deflation where the aggregate level of prices goes down", [6]). Prices
"fell 25%, 30%, 30%, and 40% in the UK, Germany, the US, and France
respectively from 1929 to 1933. These were the four largest economies
in the world at that time."(1)


Frequency of Deflation in the Historical Record

As noted above, inflation has been an all too common occurrence since 1945. The table below shows that deflation has become a much less common feature of the macroeconomic landscape. One has to go back to the 1930s before encountering successive years of deflation.3 Indeed, for the countries listed below, the number of times prices fell year over year for two years or more is a relatively small number. Hence, deflation is a fairly unusual event.

Table 2: Episodes of Deflation from the mid-1800s to 1945

(year record begins)

Number of
occurrences of
until 1945

Years of persistent deflation/Crisis

Austria (1915)



Australia (1862)


BC: 1893
CC: 1933-33

Belgium (1851)


BC, CC: 1924-26
1931-35, BC: 1931
BC,CC: 1934-35

Canada (1914)


CC: 1891,1893, 1908, 1921, 1929-31

Denmark (1851)


1882-86, BC: 1885, 1892-96, BC: 1907-08
1921-32, BC, CC: 1921-22, 1931-32

Finland (1915)


BC: 1900,1921 1929-34, BC, CC: 1931-32

France (1851)


CC, BC: 1888-89, 1907, 1923, 1926
1932-35, BC: 1930-32

Germany (1851)


1892-96, BC, CC:1893, 1901,1907
1930-33, BC, CC: 1931, 1934

Ireland (1923)



Italy (1862)


1881-84, BC, CC: 1891, 1893-94, 1907-08, 1921
1930-34, BC: 1930-31, 1934-35

Japan (1923)


CC, BC: 1900-01, 1907-08, 1921
1925-31, BC, CC: 1931-32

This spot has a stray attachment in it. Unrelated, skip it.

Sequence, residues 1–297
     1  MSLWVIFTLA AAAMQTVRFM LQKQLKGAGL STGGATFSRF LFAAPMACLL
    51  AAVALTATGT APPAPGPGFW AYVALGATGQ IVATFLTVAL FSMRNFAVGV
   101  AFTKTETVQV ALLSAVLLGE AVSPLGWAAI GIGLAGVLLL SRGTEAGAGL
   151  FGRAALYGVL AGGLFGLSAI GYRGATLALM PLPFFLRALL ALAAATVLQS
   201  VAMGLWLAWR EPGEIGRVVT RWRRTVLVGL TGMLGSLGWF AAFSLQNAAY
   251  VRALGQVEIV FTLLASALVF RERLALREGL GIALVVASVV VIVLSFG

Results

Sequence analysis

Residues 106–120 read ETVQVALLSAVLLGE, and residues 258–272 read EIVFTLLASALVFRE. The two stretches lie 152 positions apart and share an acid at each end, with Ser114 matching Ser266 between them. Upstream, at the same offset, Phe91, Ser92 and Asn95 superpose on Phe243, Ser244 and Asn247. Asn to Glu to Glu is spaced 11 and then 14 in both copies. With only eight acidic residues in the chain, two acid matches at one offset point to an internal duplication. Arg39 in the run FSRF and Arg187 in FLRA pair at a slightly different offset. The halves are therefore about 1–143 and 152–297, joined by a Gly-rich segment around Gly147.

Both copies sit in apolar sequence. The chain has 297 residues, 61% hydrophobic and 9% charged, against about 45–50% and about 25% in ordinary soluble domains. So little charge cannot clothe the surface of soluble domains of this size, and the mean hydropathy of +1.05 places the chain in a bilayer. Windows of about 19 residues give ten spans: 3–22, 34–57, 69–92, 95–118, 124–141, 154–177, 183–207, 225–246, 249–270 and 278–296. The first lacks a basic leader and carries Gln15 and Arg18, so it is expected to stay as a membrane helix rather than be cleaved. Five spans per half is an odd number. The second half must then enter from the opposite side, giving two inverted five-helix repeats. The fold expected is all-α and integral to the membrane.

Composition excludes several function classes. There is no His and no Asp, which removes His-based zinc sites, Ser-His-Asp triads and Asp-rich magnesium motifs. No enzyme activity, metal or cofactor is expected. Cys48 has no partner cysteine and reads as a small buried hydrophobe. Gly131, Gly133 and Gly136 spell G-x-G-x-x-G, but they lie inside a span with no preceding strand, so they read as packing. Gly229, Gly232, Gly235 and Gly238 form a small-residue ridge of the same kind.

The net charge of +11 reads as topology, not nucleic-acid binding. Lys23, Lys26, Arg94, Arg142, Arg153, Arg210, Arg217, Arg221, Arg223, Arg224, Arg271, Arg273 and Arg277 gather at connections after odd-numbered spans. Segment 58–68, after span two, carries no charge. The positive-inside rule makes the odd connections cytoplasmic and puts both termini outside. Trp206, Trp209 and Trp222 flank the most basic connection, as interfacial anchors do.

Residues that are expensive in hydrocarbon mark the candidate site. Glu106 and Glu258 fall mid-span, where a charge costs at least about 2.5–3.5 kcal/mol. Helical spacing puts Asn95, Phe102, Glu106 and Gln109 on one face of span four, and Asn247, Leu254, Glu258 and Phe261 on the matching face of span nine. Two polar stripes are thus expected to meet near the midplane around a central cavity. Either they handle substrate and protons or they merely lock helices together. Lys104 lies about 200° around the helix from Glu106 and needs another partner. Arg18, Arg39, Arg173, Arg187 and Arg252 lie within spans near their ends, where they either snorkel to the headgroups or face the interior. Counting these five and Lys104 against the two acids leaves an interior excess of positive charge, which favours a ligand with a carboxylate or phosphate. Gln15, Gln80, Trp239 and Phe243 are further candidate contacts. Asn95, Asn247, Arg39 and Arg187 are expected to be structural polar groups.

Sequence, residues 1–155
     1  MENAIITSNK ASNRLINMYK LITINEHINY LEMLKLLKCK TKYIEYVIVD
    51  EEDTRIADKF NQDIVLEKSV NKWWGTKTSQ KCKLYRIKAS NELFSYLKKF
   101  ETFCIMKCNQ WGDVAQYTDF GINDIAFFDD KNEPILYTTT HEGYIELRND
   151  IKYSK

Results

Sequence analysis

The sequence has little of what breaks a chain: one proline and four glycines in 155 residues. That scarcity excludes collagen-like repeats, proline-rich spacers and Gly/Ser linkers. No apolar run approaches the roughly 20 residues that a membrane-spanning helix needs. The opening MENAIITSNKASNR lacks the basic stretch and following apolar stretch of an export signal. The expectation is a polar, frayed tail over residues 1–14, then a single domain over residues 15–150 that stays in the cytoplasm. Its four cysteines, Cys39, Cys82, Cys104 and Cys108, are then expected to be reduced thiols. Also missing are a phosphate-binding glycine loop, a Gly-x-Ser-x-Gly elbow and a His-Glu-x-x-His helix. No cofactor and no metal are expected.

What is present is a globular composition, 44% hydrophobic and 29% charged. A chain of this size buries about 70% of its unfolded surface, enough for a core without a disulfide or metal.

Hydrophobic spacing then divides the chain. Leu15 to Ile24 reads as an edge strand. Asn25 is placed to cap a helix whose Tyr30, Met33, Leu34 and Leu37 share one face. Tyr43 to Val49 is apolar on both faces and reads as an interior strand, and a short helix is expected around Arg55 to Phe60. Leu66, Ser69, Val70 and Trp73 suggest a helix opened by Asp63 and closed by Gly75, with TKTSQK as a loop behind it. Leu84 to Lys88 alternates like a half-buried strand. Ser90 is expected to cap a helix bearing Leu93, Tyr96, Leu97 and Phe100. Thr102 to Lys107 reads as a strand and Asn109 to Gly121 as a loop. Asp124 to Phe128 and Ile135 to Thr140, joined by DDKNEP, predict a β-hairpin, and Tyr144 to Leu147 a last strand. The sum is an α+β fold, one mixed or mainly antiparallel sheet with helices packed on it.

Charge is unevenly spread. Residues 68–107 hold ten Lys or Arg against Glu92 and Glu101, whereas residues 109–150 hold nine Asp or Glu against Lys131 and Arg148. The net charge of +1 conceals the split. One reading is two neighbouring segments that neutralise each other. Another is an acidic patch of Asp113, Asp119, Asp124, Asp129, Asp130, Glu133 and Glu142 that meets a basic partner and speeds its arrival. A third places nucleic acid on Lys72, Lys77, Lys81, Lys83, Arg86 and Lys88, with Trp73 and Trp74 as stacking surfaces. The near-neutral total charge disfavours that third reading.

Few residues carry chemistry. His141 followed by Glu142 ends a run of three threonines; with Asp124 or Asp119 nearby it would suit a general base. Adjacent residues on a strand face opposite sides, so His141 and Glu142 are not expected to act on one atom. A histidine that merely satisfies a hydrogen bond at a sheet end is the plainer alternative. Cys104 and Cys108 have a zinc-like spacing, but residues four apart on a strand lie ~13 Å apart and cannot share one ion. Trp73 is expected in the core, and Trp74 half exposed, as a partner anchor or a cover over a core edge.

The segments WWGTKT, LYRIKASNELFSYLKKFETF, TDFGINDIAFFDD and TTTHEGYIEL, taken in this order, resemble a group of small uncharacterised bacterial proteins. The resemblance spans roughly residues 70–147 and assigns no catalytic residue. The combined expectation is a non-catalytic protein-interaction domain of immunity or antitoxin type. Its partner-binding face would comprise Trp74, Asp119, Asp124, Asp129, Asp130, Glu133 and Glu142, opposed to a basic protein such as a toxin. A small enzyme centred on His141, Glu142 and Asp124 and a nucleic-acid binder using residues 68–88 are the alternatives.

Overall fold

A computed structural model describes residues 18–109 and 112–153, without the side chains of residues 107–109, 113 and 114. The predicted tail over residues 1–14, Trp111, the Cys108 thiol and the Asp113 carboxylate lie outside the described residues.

Netherlands (1881)


1893-96, BC, CC: 1897, 1921
CC, BC: 1935, 1939

Norway (1902)


BC, CC: 1891, 1921-23
1926-33, BC CC: 1931

New Zealand (1908)


BC: 1920, 1924-25
1929-33, BC, CC: 1931

Spain (1915)



Sweden (1851)



Switzerland (1891)



UK (1851)



US (1851)




Ah deflation, the boon of savers and the bane of banksters, and speculators.  Still it's comparing apples with oaranges, the metrics for measuring inflation have mutated into a government policy tool, and are no longer true and accurate.  Use the pre WW2 metrics and I guarantee we are in a recession, unemployment will be higher, inflation has been very low since 09 if not deflation.  The wealth effect has become a policy tool, and a central bank weapon. 

Oh dear ...everyone has buggered off saying ...go to bed spotty....ho hum I think i'll stay up n watch the static for a while........

Prediction for tomorrow................Epsom  housewives rescue the electorate from the clutches of  a meglomaniacle  goose stepping idiot ,  unfit to direct traffic let alone the affairs of state.  

Nat's sneak home in unwanted seat......oh dear oh dear...!                                              

Serious question, what is a good investment in this climate? I just changed my aus super to a low risk option, with minimal exposure to shares and property. Has gold had its day? Any thoughts?

Invest in your own security, the monetary system is imploding, so invest for independence from money.  Money is created from debt, and there is too much debt, hence the debt needs to be destroyed, and the money that is represents along with it.

The purchasing power of gold has remained constant for thousands of years, so it can be called saving not investing.  Yet I don't believe you should exchange gold for fiat, more use it to preserve your labour, and pass on to future generations.

Invest in production, things that produce real goods or services, these have value.  Shares have value limited to the intrinsic value of the company, a vlue higher is just speculation.  I watched a girl I know marry a loser, her dad bought him a small cleaning business for 80k, he sold it within 6 months for 10k, which was the intrinsic value of the cleaning equiptment.

A small farmland block, which produces things of value and worth, is an investment that keeps on generating real returns regardless of the value of fiat.